denied the opportunity to join with the youth of other nations in proclaiming ' We, too, are residents of planet earth; we, too, share in your dreams for a world at peace, with friendship for all?' " While we, as a nation , do foc us every fo ur yea rs on the international Olympic games, we a re a lmost tota ll y unaware of the in ternational mingling an d exc han ge that is accomplished by "Tall Ships" events. Shouldn 't A merican yo uth be given the opport unit y to jo in th e yo uth of o th er na tion s in these gatherings-to share the cha llenge of the sea, the testing of self, a nd the fee lings of mutual accomplishment a nd camaraderie at the journey's end? For this is the meanin g and th e p urpose of th e biennial " Tall Ships" gatherings, a nd we are almost a lways conspicuous by o ur a bsence. W e are absent because we do not have a ship tha t is licensed to sail a broad a nd operate sa fely upon the high seas. Surely it is possible for this nat io n to ac hieve what man y smaller na tions, far less a fflu ent, have achieved and are achievin g. The construction of such a ship is a measure of how mu ch we care abo ut our yo uth, and how much we care about world unity. Much is given fo r the preservatio n of o ld ships and th e maritim e heritage, and rightly so; but what a bout the co ntinua tion of that heritage by thi s generatio n, a nd the o pportunit y to the coming generation to fulfill th e drea m of going to sea under square ri g, which is awa kened in them the sight of our great museum ships, from Mystic's Charles W. Morgan to Honolulu' s Faffs of Clyde? Let us set to th is task with a wi ll. The American Sail Trai nin g Associati on is prepared to fulfill its obligation, under its charter, to promote sail trainin g through the const ructio n a nd operatio n of a sail tra ining sh ip , to be avai la ble to a ll yo uth s regard less of race, color, creed, or national origin ; to eq uip her, man her, a nd sail her upo n the high seas with her sisters from many nati ons. Now is the time to start. Maldwin Drummond, former Chairman of the STA a nd Trustee of th e World Ship Trust has said : "No tim e is ever th e ri ght time for fu ndraising a nd if one waits for such a time, nothin g wo ul d ever be achi eved. " Tell us of yo ur feelings, yo ur talents, yo ur wish to co ntribu te. Any fund s com-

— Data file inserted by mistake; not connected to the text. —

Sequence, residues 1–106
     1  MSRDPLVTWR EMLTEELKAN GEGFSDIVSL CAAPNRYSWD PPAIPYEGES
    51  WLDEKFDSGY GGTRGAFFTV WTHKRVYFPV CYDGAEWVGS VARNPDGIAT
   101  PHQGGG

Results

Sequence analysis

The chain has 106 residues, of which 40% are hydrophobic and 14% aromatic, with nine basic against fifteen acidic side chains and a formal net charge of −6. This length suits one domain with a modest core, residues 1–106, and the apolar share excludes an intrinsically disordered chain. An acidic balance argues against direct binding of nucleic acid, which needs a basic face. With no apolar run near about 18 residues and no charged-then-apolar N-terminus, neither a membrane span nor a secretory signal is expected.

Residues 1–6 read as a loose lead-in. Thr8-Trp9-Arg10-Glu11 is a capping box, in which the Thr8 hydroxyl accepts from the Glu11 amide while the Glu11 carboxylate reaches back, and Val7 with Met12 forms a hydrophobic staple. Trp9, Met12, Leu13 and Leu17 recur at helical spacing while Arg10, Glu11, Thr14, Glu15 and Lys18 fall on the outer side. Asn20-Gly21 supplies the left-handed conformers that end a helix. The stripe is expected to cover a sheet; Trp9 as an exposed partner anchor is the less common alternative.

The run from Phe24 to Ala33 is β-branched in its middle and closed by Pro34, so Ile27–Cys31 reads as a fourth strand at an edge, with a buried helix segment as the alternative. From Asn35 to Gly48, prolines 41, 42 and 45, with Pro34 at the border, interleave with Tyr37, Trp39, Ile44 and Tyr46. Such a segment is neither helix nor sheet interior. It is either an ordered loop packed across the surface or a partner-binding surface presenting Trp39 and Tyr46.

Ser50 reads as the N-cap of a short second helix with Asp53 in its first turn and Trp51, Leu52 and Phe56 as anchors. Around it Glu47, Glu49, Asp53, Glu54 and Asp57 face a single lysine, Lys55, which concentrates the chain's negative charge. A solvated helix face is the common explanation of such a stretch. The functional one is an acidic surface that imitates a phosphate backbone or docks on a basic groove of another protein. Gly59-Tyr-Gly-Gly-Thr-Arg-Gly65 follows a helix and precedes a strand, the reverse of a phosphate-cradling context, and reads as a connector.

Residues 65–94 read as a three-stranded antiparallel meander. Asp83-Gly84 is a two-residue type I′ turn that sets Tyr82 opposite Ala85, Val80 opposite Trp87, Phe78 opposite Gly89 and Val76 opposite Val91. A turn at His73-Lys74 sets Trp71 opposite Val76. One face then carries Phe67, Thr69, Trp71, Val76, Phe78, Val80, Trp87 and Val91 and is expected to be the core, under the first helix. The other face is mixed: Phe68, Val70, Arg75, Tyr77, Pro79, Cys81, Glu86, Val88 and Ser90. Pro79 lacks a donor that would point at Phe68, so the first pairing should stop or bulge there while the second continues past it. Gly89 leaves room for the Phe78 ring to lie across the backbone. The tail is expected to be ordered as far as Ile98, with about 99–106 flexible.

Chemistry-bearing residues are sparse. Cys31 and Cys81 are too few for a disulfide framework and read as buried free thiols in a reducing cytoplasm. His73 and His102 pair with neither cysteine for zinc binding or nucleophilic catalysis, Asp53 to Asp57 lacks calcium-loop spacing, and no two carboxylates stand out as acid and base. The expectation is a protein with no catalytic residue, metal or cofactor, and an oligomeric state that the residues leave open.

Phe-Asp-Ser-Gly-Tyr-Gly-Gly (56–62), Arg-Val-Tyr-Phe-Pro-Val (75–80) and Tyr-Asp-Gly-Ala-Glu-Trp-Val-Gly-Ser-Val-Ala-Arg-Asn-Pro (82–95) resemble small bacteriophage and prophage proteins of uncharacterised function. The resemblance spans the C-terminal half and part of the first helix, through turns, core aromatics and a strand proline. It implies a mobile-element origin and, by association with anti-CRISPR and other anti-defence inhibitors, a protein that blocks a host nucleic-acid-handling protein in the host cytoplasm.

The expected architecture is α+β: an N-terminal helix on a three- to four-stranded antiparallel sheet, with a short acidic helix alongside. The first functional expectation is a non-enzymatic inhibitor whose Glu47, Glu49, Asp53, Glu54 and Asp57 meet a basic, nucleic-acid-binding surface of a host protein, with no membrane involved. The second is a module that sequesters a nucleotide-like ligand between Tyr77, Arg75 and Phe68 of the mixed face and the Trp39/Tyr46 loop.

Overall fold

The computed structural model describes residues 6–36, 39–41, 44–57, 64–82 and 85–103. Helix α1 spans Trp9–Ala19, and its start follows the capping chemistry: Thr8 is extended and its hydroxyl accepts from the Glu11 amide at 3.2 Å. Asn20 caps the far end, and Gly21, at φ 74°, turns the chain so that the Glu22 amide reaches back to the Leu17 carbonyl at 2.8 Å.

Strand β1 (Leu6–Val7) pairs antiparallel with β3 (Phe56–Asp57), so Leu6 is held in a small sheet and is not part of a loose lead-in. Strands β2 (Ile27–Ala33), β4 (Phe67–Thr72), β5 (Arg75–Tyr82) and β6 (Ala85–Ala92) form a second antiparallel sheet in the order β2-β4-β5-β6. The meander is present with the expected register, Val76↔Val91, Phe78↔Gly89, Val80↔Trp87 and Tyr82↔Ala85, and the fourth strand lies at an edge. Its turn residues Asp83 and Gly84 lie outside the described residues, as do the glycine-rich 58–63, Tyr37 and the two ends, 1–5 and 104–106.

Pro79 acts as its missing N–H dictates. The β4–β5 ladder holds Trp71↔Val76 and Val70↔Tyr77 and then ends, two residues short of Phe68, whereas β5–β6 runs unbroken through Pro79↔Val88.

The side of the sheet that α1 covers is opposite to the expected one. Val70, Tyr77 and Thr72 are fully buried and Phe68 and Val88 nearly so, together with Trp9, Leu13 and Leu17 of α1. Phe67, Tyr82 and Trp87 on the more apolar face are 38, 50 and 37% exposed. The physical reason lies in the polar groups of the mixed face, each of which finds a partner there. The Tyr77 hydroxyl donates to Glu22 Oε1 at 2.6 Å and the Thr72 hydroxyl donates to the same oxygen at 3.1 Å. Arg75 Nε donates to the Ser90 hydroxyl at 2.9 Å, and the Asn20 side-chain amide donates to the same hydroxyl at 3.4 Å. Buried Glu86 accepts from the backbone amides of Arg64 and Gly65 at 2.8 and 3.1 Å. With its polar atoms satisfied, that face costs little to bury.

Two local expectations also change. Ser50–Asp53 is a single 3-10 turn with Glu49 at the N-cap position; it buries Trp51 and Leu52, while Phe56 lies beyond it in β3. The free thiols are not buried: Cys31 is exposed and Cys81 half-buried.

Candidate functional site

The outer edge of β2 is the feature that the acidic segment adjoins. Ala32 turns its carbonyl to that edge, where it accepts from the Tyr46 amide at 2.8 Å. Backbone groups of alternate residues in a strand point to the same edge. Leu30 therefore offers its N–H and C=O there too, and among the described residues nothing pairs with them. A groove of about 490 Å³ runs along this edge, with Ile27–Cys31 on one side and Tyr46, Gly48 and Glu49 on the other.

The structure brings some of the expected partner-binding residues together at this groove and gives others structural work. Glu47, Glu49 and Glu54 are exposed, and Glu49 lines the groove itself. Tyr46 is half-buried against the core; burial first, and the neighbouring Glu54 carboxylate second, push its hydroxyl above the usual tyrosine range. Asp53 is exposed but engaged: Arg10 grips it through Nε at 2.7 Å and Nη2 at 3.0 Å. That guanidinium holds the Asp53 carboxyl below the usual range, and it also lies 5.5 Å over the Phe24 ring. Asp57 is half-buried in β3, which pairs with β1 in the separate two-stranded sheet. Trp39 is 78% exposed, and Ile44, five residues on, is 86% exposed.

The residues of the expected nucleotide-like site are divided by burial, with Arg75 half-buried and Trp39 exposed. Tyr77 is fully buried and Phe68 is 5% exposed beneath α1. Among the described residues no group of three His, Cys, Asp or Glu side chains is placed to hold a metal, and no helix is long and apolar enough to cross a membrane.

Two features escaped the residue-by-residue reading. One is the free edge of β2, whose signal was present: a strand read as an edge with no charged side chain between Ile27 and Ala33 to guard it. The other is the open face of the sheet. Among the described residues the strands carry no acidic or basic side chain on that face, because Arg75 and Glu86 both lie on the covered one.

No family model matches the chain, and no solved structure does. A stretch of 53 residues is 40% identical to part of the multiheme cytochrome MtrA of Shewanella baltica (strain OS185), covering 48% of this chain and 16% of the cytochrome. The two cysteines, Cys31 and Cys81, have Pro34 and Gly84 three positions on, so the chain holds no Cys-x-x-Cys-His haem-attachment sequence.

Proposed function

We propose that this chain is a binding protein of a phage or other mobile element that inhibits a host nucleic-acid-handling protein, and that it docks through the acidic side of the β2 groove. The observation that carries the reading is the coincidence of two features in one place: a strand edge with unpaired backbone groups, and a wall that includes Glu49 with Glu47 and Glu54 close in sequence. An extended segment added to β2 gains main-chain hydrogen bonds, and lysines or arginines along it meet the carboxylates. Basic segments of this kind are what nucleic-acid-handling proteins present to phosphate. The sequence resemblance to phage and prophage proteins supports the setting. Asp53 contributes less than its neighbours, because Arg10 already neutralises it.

mitted will be held in a special tru st against th e day of drawing plans, a nd refund ed if we do not succeed. But failure is not a part of our plan. Let us return t he American flag to its place in th e van of those who sail the seas in th e spirit of friend ship, a nd wit h understa ndin g of the common needs of all. BARCLAY H . WARBURTON Ill